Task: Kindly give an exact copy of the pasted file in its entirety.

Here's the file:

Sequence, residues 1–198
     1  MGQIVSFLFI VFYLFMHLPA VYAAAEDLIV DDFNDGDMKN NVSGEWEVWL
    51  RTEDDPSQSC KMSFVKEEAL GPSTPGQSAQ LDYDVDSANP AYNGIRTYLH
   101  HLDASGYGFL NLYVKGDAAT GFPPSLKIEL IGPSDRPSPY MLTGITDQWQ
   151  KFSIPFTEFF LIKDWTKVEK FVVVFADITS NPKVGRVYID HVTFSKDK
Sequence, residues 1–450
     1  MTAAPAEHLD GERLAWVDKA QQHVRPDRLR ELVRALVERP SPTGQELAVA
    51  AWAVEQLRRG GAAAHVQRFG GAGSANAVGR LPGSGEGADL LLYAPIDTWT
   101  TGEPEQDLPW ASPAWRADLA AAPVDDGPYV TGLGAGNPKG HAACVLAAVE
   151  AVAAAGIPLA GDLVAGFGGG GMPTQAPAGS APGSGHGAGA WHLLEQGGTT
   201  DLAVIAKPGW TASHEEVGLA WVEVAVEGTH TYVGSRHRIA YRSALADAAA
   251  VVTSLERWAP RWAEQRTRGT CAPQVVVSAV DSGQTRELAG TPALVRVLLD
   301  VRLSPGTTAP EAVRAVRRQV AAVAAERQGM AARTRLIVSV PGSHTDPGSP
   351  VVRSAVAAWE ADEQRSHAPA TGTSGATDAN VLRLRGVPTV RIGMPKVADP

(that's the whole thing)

Sequence, residues 1–198
     1  MGQIVSFLFI VFYLFMHLPA VYAAAEDLIV DDFNDGDMKN NVSGEWEVWL
    51  RTEDDPSQSC KMSFVKEEAL GPSTPGQSAQ LDYDVDSANP AYNGIRTYLH
   101  HLDASGYGFL NLYVKGDAAT GFPPSLKIEL IGPSDRPSPY MLTGITDQWQ
   151  KFSIPFTEFF LIKDWTKVEK FVVVFADITS NPKVGRVYID HVTFSKDK
Sequence, residues 1–450
     1  MTAAPAEHLD GERLAWVDKA QQHVRPDRLR ELVRALVERP SPTGQELAVA
    51  AWAVEQLRRG GAAAHVQRFG GAGSANAVGR LPGSGEGADL LLYAPIDTWT
   101  TGEPEQDLPW ASPAWRADLA AAPVDDGPYV TGLGAGNPKG HAACVLAAVE
   151  AVAAAGIPLA GDLVAGFGGG GMPTQAPAGS APGSGHGAGA WHLLEQGGTT
   201  DLAVIAKPGW TASHEEVGLA WVEVAVEGTH TYVGSRHRIA YRSALADAAA
   251  VVTSLERWAP RWAEQRTRGT CAPQVVVSAV DSGQTRELAG TPALVRVLLD
   301  VRLSPGTTAP EAVRAVRRQV AAVAAERQGM AARTRLIVSV PGSHTDPGSP
   351  VVRSAVAAWE ADEQRSHAPA TGTSGATDAN VLRLRGVPTV RIGMPKVADP